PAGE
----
I have two limits that I can't seem two solve without using L'Hopital's rule:

$$\lim _{x\to 2}\frac{2^{x}-x^{2}}{x-2}$$ and $$\lim _{x\to\pi/4}\frac{\sin{4x}\cos{2x}}{\left(x-\frac{\pi }{4}\right)^2}$$ Help anyone?


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  • $\begingroup$ Thanks to the people here I think I got the first limit, but on the second one I tried using some basic trigonometric identities but I could never get the numerator to be anything else than 0. $\endgroup$ – intersomnium Aug 9 '16 at 16:32
  • $\begingroup$ the numerator doesn't matter so much, if you still have 0/0 after differentiation, consider if a second differentiation will help, because you can tackle a further indeterminate form by using l'hopital again $\endgroup$ – Cato Aug 9 '16 at 16:37
  • $\begingroup$ @AndrewDeighton I am not allowed to use L'Hopital.. $\endgroup$ – intersomnium Aug 9 '16 at 16:43
  • $\begingroup$ silly me, I should have read it properly - oops $\endgroup$ – Cato Aug 9 '16 at 16:45

$$\begin{align} \lim_{x\to\pi/4}{\sin4x\cos2x\over(x-{\pi\over4})^2}&=\lim_{x\to\pi/4}{\sin(2\cdot2x)\cos2x\over({2x\over2}-{\pi\over4})^2}\\ &=\lim_{u\to\pi/2}{\sin2u\cos u\over({u\over2}-{\pi\over4})^2}\\ &=\lim_{u\to\pi/2}{8\sin u\cos^2u\over(u-{\pi\over2})^2}\\ &=\lim_{v\to0}{8\cos v\sin^2u\over v^2}\\ &=8(\lim_{v\to0}\cos v)\left(\lim_{v\to0}{\sin v\over v} \right)^2\\ &=8\cdot1\cdot1^2\\ &=8 \end{align}$$

  • $\begingroup$ This would have never occurred to me. Thank you so much. :) $\endgroup$ – intersomnium Aug 9 '16 at 16:42
  • $\begingroup$ the answers here don't use l'hopital though, for the first one you differentiate to (loge 2 2^x - 2x) / 1 = -1.227 when you plug 2 in, I'm not sure the answer below is 100% there $\endgroup$ – Cato Aug 9 '16 at 16:43
  • $\begingroup$ @AndrewDeighton, did you mean to place your comment here or below the OP? $\endgroup$ – Barry Cipra Aug 9 '16 at 16:49
  • $\begingroup$ @BarryCipra the moment I published the comment I remembered the trig identities. That's why I deleted the comment. But nevertheless thanks again hah. :) $\endgroup$ – intersomnium Aug 9 '16 at 19:16


The second term tends to $-4$, while the first can be rewritten


The last limit is known to be $1$. (For a justification of this fact, you need to provide your definition of the exponential.)

For the second limit, it is convenient to shift the variable,

$$\lim _{x\to\pi/4}\frac{\sin{4x}\cos{2x}}{\left(x-\frac{\pi }{4}\right)^2} = \lim _{t\to0}\frac{\sin{4t}\sin{2t}}{t^2} =\lim _{t\to0}4\frac{\sin{4t}}{4t}\lim _{t\to0}2\frac{\sin{2t}}{2t}.$$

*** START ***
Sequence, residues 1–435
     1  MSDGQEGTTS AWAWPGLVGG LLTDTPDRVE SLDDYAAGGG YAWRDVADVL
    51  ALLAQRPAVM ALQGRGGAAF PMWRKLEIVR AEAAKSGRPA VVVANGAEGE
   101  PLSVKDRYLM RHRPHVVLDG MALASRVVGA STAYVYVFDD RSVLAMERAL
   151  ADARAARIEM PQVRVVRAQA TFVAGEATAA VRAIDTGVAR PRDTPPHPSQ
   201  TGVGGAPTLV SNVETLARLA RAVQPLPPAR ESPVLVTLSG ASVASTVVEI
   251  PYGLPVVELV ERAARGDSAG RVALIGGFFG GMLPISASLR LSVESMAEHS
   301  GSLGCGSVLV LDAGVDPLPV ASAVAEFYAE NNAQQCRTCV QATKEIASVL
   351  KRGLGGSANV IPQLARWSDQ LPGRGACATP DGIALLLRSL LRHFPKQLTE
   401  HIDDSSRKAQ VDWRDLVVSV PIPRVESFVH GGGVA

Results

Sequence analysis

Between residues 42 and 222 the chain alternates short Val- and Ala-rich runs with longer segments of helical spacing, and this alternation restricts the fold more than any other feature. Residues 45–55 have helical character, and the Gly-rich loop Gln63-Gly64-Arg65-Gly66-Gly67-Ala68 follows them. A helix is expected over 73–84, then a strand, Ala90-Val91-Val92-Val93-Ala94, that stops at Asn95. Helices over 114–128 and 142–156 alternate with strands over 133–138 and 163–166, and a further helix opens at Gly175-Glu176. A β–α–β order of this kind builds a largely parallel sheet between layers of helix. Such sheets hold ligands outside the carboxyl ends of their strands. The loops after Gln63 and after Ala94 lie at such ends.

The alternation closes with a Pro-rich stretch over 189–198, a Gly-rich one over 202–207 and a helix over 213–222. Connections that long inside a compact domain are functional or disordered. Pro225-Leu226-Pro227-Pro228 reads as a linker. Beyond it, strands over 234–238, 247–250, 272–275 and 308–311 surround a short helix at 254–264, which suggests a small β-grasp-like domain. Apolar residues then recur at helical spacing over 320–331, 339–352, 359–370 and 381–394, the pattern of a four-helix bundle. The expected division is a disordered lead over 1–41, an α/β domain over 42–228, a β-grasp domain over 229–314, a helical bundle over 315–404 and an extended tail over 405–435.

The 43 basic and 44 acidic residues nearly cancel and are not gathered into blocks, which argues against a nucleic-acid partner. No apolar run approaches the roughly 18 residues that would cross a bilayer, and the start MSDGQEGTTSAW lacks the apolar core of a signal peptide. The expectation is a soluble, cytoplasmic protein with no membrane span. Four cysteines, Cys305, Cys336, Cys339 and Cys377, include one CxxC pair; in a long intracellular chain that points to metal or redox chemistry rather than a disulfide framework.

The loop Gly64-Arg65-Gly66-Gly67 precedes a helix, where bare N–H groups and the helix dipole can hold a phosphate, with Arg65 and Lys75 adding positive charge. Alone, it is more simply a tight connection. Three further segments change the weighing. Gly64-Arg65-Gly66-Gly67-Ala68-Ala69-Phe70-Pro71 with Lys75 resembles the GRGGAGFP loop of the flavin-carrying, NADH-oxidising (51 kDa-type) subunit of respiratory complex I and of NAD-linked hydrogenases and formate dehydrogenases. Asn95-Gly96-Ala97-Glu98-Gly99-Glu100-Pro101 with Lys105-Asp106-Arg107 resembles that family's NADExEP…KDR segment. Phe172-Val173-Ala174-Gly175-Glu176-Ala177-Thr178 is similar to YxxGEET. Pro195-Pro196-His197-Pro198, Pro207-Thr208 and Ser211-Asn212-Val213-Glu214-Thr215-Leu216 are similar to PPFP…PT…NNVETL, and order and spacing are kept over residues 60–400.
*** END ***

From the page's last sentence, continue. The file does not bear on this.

• $\begingroup$ I understand everything up to the last point. How exactly did we get the last expression? :/ $\endgroup$ – intersomnium Aug 9 '16 at 16:14
  • $\begingroup$ @intersomnium: $t\ln2=u$. $\endgroup$ – Yves Daoust Aug 9 '16 at 16:23

For the first limit, write $$\lim_{x\to 2} \frac{2^x -x^2}{x-2} = \lim_{x\to 2} \frac{2^x -4}{x-2} + \lim_{x\to 2} \frac{4-x^2}{x-2}.$$ Now use the difference quotient (or derivate) of $x\mapsto 2^x$ and $x\mapsto x^2$.


By using the formula $\color{red}{\sin(x-y)=\sin x\cos y-\cos x\sin y}$, and the fact that $\sin$ is an odd function we have $$\sin 4x =-(\sin 4x\cos \pi-\cos 4x\sin \pi)=-\sin(4x-\pi)=-\sin 4(x-\frac{\pi}4)\tag{1}$$ $$\cos 2x=\sin \frac{\pi}2\cos 2x-\cos\frac{\pi}2\sin 2x=\sin\left(\frac{\pi}2-2x\right)=-\sin 2\left(x-\frac{\pi}4\right)\tag{2}$$ So, putting $t=x-\frac{\pi}4$ we get

$$\lim_{x\to\frac{\pi}4}\frac{\sin 4x}{x-\frac{\pi}4}=-\lim_{x\to\frac{\pi}4}\frac{\sin 4(x-\frac{\pi}4)}{x-\frac{\pi}4}=-\lim_{t\to 0} \frac{\sin 4t}{t}=-4\lim_{t\to 0} \frac{\sin 4t}{4t}=-4\tag{1*}$$

$$\lim_{x\to\frac{\pi}4}\frac{\cos 2x}{x-\frac{\pi}4}=-\lim_{x\to\frac{\pi}4}\frac{\sin 2(x-\frac{\pi}4)}{x-\frac{\pi}4}=-\lim_{t\to 0} \frac{\sin 2t}{t}=-2\lim_{t\to 0} \frac{\sin 2t}{2t}=-2\tag{2*}$$


$$\lim _{x\to\pi/4}\frac{\sin{4x}\cos{2x}}{\left(x-\frac{\pi }{4}\right)^2}=\left(\lim_{x\to\frac{\pi}4}\frac{\sin{4x}}{x-\frac{\pi}4}\right)\left(\lim_{x\to\frac{\pi}4}\frac{\cos 2x}{x-\frac{\pi}4}\right)=(-4)(-2)=\boxed{\color{blue}{8}}$$

  • $\begingroup$ @BarryCipra Yes, I had a mistake: taking $$\sin (4x-2\pi)=\sin 4\left(x-\frac{\pi}{4}\right)$$ Which is false, cause $$\sin 4\left(x-\frac{\pi}{4}\right)=\sin (4x-\pi)$$ Thanks for your observation. $\endgroup$ – Ángel Mario Gallegos Aug 9 '16 at 16:30

For the second one, let $f(x) = \sin 4x, g(x) = \cos 2x.$ Then the expression equals

$$ \tag 1 \frac{(f(x) - f(\pi/4))(g(x) - g(\pi/4))}{(x-\pi)^2} = \frac{f(x) - f(\pi/4)}{x-\pi}\frac{g(x) - g(\pi/4)}{x-\pi}.$$

As $x\to \pi/4,$ $(1) \to f'(\pi/4)g'(\pi/4)$ from the definition of the derivative (no L'Hopital was used here). Now it's just a simple computation.


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